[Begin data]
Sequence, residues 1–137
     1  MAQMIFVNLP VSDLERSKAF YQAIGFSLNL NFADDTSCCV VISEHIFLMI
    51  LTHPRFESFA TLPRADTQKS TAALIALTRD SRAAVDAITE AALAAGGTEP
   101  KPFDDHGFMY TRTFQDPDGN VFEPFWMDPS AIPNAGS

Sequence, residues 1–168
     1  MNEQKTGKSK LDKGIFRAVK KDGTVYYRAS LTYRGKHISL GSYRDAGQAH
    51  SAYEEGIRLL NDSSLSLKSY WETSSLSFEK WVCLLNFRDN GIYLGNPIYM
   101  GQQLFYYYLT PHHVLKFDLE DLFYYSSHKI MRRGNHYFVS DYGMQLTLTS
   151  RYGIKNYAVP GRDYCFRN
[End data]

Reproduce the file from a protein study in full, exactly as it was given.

Sequence, residues 1–137
     1  MAQMIFVNLP VSDLERSKAF YQAIGFSLNL NFADDTSCCV VISEHIFLMI
    51  LTHPRFESFA TLPRADTQKS TAALIALTRD SRAAVDAITE AALAAGGTEP
   101  KPFDDHGFMY TRTFQDPDGN VFEPFWMDPS AIPNAGS

Sequence, residues 1–168
     1  MNEQKTGKSK LDKGIFRAVK KDGTVYYRAS LTYRGKHISL GSYRDAGQAH
    51  SAYEEGIRLL NDSSLSLKSY WETSSLSFEK WVCLLNFRDN GIYLGNPIYM
   101  GQQLFYYYLT PHHVLKFDLE DLFYYSSHKI MRRGNHYFVS DYGMQLTLTS
   151  RYGIKNYAVP GRDYCFRN